The rest of the world too And that might not be a bad idea. The rewards or customer loyalty industry in the US is worth approximately US$175 billion a year. A competitor business in the United States has a market capitalisation of US$2.5 billion. And in terms of loyalty programmes, the Japanese market is potentially worth about the same amount as the US. Kachingo! has already opened offices in San Francisco and Sydney and has plans for expansion in Asia and the UK.

This is certainly not a fly-by-night, impulsive operation. It has involved what is believed to be one of the biggest IT point of sale roll outs ever in New Zealand. More than 1,700 computer terminals and printers have been installed at some 500 different locations, countrywide. According to Kachingo! project manager, Gary Cooper, “We had to install and test one of the biggest private computer networks since travel agents went online.”

Technology driven Katchingo! is a technology driven product. In-store PCs scan each shopper’s transaction, looking for specific products, specified levels of spending and a wide range of consumer behaviour. The rewards are allocated by the central Kachingo! computer.

“There are a lot of transactions – we’re predicting three million every week. We’re also reading the entire transaction – every loaf of bread, every bottle of Coke, every litre of petrol – so you can see there’s a huge amount of data we’re handling,” says Cooper. While Woolworths’ Big Fresh, Price Chopper and Woolworths supermarkets, BP and Super Liquor are connected over the Telecom network, Walker Wireless has been used to access the KFC stores.

Different According to Cooper, Kachingo! provides some major points of difference from its competitors. “We’ve set ourselves up for two-way online communication so our objective is to have a real-time network – we’re certainly offer real-time rewards. We’ve done the research and it tells us that many Kiwi shoppers prefer cash rewards and they want the rewards now – they’d rather not have another card, statement and membership. It’s also a great way for suppliers to sample their products.”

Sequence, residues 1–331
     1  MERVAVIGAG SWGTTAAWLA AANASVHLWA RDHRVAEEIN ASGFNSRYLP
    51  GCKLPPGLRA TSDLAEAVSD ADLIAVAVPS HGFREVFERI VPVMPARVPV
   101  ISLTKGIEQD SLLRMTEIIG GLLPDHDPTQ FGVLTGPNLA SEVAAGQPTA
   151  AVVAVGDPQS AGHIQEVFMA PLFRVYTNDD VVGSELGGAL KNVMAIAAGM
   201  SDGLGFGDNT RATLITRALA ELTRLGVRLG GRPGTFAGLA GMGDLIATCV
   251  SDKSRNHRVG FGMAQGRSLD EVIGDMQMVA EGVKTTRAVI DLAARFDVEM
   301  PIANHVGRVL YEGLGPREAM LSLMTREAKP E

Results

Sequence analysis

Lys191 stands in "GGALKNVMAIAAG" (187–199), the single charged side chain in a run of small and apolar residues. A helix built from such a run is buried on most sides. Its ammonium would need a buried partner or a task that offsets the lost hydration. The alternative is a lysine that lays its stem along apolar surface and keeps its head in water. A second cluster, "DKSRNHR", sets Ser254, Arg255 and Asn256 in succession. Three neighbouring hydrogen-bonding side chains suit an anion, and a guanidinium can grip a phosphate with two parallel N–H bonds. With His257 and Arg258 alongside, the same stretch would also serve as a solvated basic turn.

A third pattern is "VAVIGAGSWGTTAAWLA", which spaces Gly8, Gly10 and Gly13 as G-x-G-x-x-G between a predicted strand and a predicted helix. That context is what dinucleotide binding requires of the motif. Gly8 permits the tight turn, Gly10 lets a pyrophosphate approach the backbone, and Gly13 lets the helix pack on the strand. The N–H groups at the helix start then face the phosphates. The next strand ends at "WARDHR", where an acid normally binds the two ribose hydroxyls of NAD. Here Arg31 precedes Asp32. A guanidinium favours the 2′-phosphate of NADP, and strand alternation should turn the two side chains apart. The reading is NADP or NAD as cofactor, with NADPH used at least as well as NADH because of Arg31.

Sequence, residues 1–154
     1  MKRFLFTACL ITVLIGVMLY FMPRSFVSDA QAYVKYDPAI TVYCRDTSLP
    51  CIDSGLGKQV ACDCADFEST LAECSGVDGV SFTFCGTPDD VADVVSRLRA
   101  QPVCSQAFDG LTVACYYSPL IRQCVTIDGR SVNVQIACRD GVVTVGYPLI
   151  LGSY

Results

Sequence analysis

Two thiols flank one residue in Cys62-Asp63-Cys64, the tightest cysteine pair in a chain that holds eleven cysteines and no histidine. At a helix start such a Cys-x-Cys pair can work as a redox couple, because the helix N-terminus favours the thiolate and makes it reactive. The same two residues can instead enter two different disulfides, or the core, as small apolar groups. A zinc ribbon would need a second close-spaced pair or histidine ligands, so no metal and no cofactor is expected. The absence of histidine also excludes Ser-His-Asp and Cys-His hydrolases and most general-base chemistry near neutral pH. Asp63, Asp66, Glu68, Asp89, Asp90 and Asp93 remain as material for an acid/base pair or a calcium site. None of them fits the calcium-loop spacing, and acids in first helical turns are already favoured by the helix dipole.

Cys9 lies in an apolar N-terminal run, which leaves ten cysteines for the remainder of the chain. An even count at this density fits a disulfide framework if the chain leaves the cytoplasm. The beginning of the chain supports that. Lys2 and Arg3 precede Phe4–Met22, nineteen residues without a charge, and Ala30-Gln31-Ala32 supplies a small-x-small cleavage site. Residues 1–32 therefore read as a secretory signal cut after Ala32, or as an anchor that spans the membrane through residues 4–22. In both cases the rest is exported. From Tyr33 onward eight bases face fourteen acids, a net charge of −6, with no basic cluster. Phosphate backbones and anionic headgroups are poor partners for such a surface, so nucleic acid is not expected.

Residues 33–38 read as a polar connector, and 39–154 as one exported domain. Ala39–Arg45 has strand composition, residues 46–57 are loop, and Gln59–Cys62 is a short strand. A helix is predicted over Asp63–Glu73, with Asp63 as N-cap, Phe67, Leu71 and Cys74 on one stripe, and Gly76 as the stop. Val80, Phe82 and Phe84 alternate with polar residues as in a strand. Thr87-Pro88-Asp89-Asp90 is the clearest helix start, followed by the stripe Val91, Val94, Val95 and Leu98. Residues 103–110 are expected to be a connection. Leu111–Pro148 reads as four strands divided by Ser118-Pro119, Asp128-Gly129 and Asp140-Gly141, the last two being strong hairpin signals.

Kachingo! has been very active with its patent protection, securing core protection around both the consumer offers and how they are delivered.  According to Cooper, it’s the “knowledge wave” in practice. He says the business has employed more than 40 “knowledge” workers in the past 18 months.

Exponential growth Most of the software development has been undertaken by Kachingo! associate company GOTech in Wellington. Cooper says that rigorous testing and nine months experience with Super Liquor has seen Kachingo!’s Linux platform host computer perform very well. “With the addition of 400 new outlets we have had to test quite vigorously,” he says. “For example, the data we’ve been carrying from 10 BP test sites is about the same volume we have been getting from 103 Super Liquor outlets. So the jump in scale is significant. The processing capability of the host computer has been a key issue and we’ve had to plan for growth because we need to know that, as sales increase through our network, we can handle it.”

“The exponential growth illustrated by going from Super Liquor to BP is indicative also of what we’ll get when other New Zealand retailers come aboard or when we go to the other markets such as the US and Australia. We’ve got to have a solution that we can just bolt on; you don’t want to pay for capacity until you need it.”

More Info: 

http://www.kachingo.co.nz